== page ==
• Ginger (top & middle - ginger-flavored super-cooled ice balls, chili peppers, vodka, lemon grass) The rocks glass filled with the ginger ice and peppers is served separately from the glass of vodka; the idea is to pour the vodka over the ice, then used the swizzle stick fashioned from lemon grass to mix it all together. I wouldn’t say it was my favorite of the night, but it was still pretty tasty.
  • Pineapple (bottom right - sanbittèr, green chartreuse, maybe something else). The only really fancy thing about this one was the bizarre glass it came in, and the way a layer of ice was frozen around the inner surface of the glass, forming a kind of ice tube. (This kept the drink cold and the outside frosty.) Much like the Scotch / Pine beer cocktail, this one was just good. I’m a sucker for anything with green chartreuse, and though I still have not thoroughly investigated this sanbittèr stuff, it definitely lent something tasty to the cocktail. (It did not taste like pineapple, just fyi.)

On a final note, we read a couple of reviews by folks who didn’t really think the cocktails themselves were that good, and that most of Aviary’s appeal was all the MG tricks. I have to say that I 95% disagree — I thought that all the cocktails we had were actually very tasty. No, we probably would not have paid the extra $5-8 per drink if this had been a more traditional cocktail spot, but even without all the cool MG stuff, the end results themselves would certainly not be out of place on the menu of a place like Tiny Lounge or Violet Hour. (We did hear that the famous Old Fashioned that comes served in a frozen egg that must be cracked open wasn’t all that spectacular, but then again we also heard that the Ginger was watery and weak, which we did not find to be the case at all.)

In my opinion, though, super fun and worth it. Here’s hoping that the next time we go, the crazy basement space (supposed to be polar opposite of Aviary) will be open!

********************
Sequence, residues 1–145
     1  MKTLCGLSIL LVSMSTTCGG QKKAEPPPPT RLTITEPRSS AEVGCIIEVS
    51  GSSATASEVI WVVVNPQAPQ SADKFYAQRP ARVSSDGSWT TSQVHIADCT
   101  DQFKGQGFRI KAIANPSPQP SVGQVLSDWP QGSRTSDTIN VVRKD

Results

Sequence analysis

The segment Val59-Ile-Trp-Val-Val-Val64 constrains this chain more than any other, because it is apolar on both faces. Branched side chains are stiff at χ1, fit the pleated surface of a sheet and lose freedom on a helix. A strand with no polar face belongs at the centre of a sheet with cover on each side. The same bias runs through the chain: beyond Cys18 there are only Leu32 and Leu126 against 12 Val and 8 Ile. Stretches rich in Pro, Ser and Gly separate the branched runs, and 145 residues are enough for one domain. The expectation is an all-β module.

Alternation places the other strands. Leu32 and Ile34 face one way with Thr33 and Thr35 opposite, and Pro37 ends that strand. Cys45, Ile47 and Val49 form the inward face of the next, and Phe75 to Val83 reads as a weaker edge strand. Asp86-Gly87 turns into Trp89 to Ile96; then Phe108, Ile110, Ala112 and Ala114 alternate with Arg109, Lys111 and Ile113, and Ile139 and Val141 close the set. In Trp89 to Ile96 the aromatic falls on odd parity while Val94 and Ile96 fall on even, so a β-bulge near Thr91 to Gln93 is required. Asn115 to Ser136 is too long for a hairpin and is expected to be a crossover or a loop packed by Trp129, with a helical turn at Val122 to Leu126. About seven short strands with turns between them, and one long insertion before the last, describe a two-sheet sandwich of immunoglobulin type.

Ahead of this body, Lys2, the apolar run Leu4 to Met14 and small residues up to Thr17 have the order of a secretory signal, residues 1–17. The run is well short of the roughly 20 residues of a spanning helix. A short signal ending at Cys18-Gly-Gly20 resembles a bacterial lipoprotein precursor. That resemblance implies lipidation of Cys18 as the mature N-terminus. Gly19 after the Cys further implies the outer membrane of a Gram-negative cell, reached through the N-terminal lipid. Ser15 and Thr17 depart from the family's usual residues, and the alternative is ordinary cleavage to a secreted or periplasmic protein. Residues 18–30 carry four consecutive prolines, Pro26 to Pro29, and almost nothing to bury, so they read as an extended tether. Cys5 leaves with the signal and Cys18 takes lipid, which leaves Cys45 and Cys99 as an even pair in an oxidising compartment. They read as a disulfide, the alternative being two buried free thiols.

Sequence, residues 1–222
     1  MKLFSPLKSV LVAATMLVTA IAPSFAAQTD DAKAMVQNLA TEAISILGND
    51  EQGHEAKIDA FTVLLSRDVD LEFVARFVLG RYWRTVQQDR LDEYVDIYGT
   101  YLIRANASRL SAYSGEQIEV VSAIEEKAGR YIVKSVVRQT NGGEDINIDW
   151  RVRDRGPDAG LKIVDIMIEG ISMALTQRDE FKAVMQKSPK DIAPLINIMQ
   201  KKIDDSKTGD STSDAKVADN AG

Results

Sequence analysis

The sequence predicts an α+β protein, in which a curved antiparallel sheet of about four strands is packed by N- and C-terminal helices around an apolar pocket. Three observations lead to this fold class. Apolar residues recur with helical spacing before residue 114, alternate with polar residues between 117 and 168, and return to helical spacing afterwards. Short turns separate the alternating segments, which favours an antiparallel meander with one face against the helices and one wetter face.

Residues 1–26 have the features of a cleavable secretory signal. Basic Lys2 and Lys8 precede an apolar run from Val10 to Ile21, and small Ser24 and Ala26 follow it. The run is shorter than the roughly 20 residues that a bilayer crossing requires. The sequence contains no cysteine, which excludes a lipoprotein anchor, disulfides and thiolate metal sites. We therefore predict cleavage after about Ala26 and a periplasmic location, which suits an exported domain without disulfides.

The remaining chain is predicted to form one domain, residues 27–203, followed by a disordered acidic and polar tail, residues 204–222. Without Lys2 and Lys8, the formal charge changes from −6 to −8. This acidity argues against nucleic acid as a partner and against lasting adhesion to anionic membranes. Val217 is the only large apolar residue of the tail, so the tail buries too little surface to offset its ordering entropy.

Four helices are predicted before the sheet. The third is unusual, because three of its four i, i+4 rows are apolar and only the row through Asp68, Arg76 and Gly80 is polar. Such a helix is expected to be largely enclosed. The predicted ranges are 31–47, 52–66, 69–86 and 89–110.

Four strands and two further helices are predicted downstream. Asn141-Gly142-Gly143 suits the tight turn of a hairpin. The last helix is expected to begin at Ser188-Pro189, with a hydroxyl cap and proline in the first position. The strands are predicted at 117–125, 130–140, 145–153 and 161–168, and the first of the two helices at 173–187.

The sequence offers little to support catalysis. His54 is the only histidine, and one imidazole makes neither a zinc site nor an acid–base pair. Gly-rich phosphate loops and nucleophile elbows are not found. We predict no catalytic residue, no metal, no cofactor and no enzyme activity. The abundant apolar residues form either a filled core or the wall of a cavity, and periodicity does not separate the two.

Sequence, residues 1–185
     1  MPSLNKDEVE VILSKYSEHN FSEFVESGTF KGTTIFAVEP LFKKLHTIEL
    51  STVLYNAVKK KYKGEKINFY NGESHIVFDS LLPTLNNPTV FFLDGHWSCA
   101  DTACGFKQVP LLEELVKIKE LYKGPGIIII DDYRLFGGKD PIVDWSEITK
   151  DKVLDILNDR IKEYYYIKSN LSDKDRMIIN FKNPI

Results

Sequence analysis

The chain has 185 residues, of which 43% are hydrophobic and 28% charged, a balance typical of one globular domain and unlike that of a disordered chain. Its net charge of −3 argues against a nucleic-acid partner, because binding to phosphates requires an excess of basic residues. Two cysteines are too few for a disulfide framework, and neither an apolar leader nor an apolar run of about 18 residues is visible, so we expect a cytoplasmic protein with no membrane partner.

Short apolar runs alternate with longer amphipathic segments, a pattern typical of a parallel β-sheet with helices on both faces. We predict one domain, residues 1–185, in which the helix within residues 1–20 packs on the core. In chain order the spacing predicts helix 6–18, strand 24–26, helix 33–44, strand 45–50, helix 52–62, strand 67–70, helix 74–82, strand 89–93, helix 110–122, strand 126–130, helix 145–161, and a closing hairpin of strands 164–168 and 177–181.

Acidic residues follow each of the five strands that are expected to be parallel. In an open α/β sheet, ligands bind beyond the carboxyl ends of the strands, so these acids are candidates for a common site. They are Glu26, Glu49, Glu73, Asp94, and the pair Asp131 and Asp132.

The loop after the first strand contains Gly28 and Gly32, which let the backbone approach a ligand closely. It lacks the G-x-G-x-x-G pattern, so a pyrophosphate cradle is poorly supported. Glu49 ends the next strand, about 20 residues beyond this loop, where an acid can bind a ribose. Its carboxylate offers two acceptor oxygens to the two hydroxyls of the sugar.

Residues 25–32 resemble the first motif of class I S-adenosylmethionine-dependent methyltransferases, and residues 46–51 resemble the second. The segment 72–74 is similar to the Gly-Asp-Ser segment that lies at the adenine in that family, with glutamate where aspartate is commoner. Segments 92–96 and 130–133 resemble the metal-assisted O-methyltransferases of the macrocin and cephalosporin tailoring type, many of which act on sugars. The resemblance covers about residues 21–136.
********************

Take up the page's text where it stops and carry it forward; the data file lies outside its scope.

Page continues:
Cocktail Bar: The Tiny Lounge

After a couple of rounds at The Whistler, we made our way over to The Tiny Lounge in North Center. Contrary to what you might assume, The Tiny Lounge is actually not all that tiny, but was definitely on the empty side when we were there. This was awesome, because we got to hang out & chat with Ollie the wonderful bartender until they closed at two.


Initially I think the plan (insofar as there was a plan) was to have a couple rounds & call it good for the night. Fortunately, conversations with Ollie led to, um, slightly more than a couple of rounds from the menu, and then a couple more off of an outdated menu, and then a small beer flight, and yyyyyeahhh. It was not a short evening, nor a cheap one, but it was DAMN tasty.

With one exception, we were wowed by everything we had here. Alas, not everything we had is listed on the website menu, and I will admit to not having been diligent about my note-taking while I was there, but here are most: tl cocktails 1

  • Lakshmi (left, on the right - hayman’s old tom gin, st. germain, mathilde pear liqueur, cava) - This was the one that we weren’t as impressed with; Don thought the cava was out of balance with the rest of the ingredients, whereas I just thought it was slightly too subtle for my taste.
  • Wyatt Earp (2nd pic, on the left - rye whiskey, ginger-infused simple syrup, fresh pear juice, fresh lemon juice) - A spectacular whiskey cocktail with all kinds of tasty things in it that I wouldn’t have thought to try. Delicious & well-balanced.
  • Gingerberry Rose (top of the lower two pics - nolet’s silver gin, cranberry-ginger reduction, rose water, fresh lemon juice, simple syrup, fresh egg white, mint leaf) - Just amazing. Incredibly hard to describe, as it was so unique, but like the Wyatt Earp, a big part of why this was so good had to do with the interesting (yet fantastically well-balanced) combination of ingredients

    tl cocktails 2

  • Root Down (next to the Wyatt Earp - hayman’s old tom gin, ramazotti, angostura bitters, fresh lemon juice, simple syrup, fresh egg white, orange zest) - What more can I say? This was fabulous as well, and super-root beer-ey!

I deeply, deeply wish I could remember the name of this last cocktail with the strawberry garnish and what all was in it, but it doesn’t look like they have that one online right now. However, if you look closely at the menu shot at the very top of this post, you can see part of the list of ingredients (click to embiggen). It’s near the bottom right corner, and the part you can see says “balsamic syrup, rhubarb bitters, splash of cava.” There may have been a time when something like balsamic syrup in a cocktail might have caused me to raise a doubtful eyebrow, but now these types of things just get me all excited about what new and different flavors they’ll bring.

And WOW! Did it ever. At first, I was amazed at how well the balsamic & strawberry flavors melded together; then I remembered that only a few weeks ago I’d made a salad that had included strawberries and was dressed with balsamic vinegar and it had worked fabulously. Still, freaking amazing cocktail, and I’m so sad that I can’t remember what it was (but seriously, if you’re there, ask Ollie or whoever’s working about it).